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The Inertia

When news broke that Alex Honnold successfully free soloed Yosemite’s El Capitan in under four hours, the world collectively gasped. It was a monumental feat, probably one of the greatest achievements in sport. But, how crazy do you have to be to climb thousands of feet without a rope knowing that one misstep could send you hurtling to the valley floor?

The question is a fair one, but what news of Honnold’s historic climb failed to capture when it broke was the years of diligent, careful preparation he undertook to memorize each and every move he needed to perform the morning of June 3, 2017. What the general public saw was simply the payoff, only Honnold and those close to him understood the intense training.

In a recent TED Talk in front of an audience in Vancouver, Honnold broke down two equally ambitious free solos he’s achieved in his life that both occupy a different space in his memory bank. First, is his 2011 free solo of Half Dome. Honnold details an experience where he diverged from the route he’d only climbed for the first time two days before he went sans rope. He quickly felt lost, questioned the strength of a foothold, and slightly panicked. He overcame, and ultimately reached the summit, but it wasn’t the experience he wanted.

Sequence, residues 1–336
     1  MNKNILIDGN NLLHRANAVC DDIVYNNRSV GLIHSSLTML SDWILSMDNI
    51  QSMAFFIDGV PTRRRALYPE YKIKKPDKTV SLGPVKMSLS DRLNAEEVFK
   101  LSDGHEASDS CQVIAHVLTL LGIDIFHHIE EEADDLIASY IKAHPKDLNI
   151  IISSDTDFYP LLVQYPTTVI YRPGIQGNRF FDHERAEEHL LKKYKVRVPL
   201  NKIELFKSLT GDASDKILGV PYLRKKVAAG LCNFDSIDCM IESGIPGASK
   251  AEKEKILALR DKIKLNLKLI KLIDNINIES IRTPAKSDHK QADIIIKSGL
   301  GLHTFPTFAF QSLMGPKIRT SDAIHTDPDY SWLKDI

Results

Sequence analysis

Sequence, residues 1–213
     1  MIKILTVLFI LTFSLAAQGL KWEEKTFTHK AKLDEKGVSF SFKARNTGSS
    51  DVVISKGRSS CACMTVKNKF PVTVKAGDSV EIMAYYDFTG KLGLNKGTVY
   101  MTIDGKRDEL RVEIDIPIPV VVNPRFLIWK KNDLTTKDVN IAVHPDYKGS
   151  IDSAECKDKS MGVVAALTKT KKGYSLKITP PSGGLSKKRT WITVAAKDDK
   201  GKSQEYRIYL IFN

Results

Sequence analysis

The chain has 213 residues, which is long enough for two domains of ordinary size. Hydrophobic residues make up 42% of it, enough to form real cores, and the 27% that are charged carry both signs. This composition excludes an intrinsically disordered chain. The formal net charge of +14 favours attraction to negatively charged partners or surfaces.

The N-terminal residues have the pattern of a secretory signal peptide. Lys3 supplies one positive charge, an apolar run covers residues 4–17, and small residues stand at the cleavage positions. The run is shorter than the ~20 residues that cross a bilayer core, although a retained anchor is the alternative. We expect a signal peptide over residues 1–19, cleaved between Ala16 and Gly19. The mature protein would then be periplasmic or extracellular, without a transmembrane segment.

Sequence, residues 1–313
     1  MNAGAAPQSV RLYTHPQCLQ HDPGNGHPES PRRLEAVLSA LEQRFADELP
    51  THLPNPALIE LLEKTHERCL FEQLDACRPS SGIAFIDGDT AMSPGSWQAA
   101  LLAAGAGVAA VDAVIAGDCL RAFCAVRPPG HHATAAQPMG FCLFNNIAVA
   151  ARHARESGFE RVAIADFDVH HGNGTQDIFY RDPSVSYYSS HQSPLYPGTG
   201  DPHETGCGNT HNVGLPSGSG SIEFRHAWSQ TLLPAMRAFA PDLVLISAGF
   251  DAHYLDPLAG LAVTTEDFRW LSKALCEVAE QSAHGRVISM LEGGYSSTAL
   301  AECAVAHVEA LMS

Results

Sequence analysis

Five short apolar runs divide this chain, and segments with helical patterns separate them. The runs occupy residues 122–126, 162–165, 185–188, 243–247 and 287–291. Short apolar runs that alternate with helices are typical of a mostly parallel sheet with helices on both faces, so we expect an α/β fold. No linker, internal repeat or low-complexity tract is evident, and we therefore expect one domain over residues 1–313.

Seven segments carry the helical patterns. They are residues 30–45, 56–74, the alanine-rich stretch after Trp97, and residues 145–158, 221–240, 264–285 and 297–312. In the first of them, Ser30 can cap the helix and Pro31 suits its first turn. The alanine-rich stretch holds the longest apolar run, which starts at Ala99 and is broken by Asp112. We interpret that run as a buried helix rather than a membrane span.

When he decided he wanted to free solo El Cap, Honnold knew it had to be different. And over seven years, he trained relentlessly. On the day of, Honnold knew every move he was going to make well before he made it. It’s what made the climb feel like, as Honnold puts it, “a walk in the park.”

Alex Honnold’s candid assessment of both feats is an incredible look at how a top athlete mitigates fear and doubt to achieve greatness.



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